Clothing the Low Countries is a joint project (labour of love) housing the combined research, theories and practical experiments of two historical costumers: Karinne Taylor and Margaret George. It covers the Low Countries (modern day Belgium and The Netherlands) for the beginning of the Early Modern Era1, with a focus on 1480-1530 and the late 1500s-1620. Also a time most historical costumers associate with the Renaissance.
We share our theories and subsequent projects either as articles on the blog, or as summaries under the “Make” menu.
We compile our research, including in-depth looks at clothing items specific to the Low Countries at this time such as starched white headwear or black cloaks worn on the head, or a list of Dutch terms for clothing and fabric. All can be found under the “Research” menu.
We write summaries of our observations of the general styles of this time and place. Over time we hope this will become a valuable resource for the costuming community as so little work has been done in this area (at least in English).
We publish class notes for any workshops that we teach in the SCA or in Living History circles, under the “Teach” menu.
Our hope is that this site will also provide guidance to other costumers on clothing from this region in this time period, so that those who are hunting for ways to create a Dutch or Flemish persona for this era have a hub of information to help their work.
Karinne lives in Sydney, Australia. She has been making costumes for as long as she can remember (beginning with her Grandmother’s cast-off curtains as ‘fairy wings’) and in 2014 was made is a member of the Order of the Laurel in Lochac for her work in this space (she actually suspects they gave her this recognition to encourage the wearing of silly items on her head). She was a one-time moderator of the MedCos site where she discovered the joy of sharing tips and inspiration with international costumers.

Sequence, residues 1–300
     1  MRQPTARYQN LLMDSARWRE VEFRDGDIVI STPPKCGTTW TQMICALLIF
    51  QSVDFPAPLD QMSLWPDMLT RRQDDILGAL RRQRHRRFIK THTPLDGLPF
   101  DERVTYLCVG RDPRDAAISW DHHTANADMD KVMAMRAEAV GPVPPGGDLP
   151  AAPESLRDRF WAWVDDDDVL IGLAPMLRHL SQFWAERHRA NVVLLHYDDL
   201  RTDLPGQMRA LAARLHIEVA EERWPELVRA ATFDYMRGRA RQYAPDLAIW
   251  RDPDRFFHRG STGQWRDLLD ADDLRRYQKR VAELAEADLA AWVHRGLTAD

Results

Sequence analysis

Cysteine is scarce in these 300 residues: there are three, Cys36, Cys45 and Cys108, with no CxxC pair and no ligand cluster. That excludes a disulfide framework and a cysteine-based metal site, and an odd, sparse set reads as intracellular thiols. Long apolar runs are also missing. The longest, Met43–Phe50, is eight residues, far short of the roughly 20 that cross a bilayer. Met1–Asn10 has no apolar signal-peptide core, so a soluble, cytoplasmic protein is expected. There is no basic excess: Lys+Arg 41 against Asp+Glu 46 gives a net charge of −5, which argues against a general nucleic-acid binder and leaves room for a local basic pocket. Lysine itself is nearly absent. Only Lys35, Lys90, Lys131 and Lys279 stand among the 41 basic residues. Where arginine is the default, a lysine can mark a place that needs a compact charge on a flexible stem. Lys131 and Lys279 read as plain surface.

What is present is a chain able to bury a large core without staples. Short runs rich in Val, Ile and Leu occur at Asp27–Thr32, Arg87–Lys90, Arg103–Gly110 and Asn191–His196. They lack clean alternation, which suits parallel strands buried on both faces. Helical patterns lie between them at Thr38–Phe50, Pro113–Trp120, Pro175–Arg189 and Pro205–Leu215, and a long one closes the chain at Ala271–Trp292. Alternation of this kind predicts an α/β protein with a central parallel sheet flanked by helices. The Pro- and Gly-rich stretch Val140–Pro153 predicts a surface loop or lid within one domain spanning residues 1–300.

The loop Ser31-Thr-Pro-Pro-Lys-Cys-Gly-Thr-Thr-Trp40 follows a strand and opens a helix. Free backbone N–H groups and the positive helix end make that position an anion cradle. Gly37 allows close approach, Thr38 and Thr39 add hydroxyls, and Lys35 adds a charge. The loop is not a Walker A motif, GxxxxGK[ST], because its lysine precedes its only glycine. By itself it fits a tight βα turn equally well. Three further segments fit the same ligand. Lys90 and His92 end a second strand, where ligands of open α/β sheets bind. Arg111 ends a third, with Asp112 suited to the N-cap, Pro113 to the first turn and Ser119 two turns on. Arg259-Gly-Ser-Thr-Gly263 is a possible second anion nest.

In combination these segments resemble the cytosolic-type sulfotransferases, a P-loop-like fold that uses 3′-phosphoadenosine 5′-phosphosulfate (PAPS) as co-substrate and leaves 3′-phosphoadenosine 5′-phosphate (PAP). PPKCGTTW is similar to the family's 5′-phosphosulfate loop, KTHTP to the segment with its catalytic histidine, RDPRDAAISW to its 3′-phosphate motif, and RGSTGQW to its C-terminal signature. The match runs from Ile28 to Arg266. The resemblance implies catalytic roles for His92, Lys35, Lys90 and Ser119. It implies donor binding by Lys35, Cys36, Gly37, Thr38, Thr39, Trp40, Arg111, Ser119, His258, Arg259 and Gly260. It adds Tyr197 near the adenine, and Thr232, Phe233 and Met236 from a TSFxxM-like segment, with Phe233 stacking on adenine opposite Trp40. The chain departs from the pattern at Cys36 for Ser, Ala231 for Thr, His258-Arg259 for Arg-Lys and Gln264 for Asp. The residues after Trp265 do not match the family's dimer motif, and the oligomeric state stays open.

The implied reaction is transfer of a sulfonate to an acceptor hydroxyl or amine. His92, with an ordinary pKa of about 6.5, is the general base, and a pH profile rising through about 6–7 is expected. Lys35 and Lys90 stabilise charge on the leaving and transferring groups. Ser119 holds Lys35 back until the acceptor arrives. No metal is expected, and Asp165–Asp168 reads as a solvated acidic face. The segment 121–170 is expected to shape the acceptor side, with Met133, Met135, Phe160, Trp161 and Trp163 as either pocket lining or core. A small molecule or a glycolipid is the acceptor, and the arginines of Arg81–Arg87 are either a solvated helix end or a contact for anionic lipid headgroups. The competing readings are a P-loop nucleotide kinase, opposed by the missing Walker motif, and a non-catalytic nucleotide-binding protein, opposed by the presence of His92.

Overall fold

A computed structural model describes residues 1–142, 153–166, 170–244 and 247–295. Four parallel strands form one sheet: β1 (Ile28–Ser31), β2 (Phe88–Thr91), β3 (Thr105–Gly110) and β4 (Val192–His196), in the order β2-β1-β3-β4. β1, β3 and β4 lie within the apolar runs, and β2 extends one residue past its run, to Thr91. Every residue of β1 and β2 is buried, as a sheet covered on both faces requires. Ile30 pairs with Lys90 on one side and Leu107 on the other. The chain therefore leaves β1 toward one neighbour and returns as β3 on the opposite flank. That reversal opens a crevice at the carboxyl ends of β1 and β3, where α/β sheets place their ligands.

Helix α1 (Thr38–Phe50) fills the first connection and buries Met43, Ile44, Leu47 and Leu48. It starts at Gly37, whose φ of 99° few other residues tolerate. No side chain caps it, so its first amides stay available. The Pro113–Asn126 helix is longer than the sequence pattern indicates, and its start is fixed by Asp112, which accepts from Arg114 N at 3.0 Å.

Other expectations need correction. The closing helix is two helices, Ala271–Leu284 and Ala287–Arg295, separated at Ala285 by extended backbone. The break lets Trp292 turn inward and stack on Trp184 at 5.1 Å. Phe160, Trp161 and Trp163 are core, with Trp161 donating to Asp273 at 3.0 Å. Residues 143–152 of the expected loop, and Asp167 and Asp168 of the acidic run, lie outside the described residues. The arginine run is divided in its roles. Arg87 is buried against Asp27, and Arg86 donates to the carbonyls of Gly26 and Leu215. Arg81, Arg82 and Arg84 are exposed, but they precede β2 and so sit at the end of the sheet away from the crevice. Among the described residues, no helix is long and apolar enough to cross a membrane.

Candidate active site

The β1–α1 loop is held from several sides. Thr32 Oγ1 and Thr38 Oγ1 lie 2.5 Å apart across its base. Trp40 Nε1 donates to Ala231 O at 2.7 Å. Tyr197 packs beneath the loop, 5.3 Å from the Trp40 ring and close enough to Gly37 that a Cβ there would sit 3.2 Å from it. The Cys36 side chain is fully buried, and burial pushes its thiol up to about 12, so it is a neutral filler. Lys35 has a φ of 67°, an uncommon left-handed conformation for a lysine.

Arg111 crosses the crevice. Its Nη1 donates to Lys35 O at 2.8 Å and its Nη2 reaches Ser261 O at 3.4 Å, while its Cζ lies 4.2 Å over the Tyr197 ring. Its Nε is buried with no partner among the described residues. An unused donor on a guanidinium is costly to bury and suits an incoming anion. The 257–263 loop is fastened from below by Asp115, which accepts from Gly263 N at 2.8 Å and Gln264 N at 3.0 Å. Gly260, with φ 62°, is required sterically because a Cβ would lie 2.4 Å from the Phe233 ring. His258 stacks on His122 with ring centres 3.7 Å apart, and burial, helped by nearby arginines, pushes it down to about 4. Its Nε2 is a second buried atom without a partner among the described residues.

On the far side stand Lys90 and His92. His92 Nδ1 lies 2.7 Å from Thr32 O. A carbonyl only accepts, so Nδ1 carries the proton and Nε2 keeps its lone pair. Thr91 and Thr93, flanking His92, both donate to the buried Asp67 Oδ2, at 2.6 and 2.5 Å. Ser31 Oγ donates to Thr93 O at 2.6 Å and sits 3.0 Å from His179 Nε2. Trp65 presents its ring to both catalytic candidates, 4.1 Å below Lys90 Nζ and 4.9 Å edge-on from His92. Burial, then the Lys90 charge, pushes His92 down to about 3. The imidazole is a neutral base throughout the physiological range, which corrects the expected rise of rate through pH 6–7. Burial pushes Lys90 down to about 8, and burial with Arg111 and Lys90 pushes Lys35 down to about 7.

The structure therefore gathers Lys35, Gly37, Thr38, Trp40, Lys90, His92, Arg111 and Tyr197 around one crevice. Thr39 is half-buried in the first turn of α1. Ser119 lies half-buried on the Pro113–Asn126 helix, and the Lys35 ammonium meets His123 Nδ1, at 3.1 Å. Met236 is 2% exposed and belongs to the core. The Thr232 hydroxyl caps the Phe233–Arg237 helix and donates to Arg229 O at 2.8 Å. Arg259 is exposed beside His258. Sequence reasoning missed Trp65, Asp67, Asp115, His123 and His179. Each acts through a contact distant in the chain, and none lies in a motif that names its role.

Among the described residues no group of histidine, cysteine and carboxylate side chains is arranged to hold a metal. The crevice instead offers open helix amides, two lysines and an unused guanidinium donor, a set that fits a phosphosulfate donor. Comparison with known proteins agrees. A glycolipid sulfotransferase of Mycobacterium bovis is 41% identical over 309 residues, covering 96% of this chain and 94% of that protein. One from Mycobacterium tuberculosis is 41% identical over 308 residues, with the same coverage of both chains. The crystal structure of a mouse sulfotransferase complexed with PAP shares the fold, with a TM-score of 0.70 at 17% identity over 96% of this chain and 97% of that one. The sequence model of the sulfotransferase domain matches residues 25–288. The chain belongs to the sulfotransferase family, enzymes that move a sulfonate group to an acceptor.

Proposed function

Margaret lives in Northern California, USA and has also been making costumes for as long as she can remember, starting with Wonder Woman bracelets made from old blue jeans and Rapunzel hair made from rope. She has been a member of the Society for Creative Anachronism for her entire adult life and currently lives in the Kingdom of the West where she works to teach and encourage the use of starch and the wearing of silly things on the head.
As the authors speak “a common language separated by a sea”, you will find both British and American English spelling on this site. That’s fine, we’re all adults and can cope with a few differences in spelling – it’s nothing compared to Renaissance English!
Margaret and Karinne met via the very excellent Elizabethan Costuming group on Facebook, and immediately recognised a fellow wearer-of-silly-but-excellent-Dutch-clothing.
This site was originally authored by Karinne, and has had three incarnations. You may have come across it in a past incarnation.
- Student days: All articles dated between January 2012 and April 2012 were written in 2004-05, when Karinne started really looking into this area and needed a place to publish (and to practice HTML and CSS). The site was hosted on her University’s server and hence was taken down once she finished her degree and no longer had access. One of the original pages, glossary of clothing terms, was so useful that another costumer asked permission to reproduce it. That site has since also been taken down, but is archived at…?
- WordPress.com: In late 2011 Karinne started to re-kindle her interest in this area and wanted to begin publishing again. All articles from April 2012 – May 2015 are from the second incarnation. These include her participation in Leimomi Oakes Histrocial Sew Fortnightly (now monthly), a fun, if intense challenge.
- Own hosting: Sometime in mid-2015 the possibilities for expansion of the site became hampered by the wordpress.com setup, and so Karinne decided to move it to a self-hosted option. At the same time conversations with Margaret suggested there was benefit in sharing the site and hence iteration three was born.
- defined in the Cambridge History of Europe as 1450-1600 ↩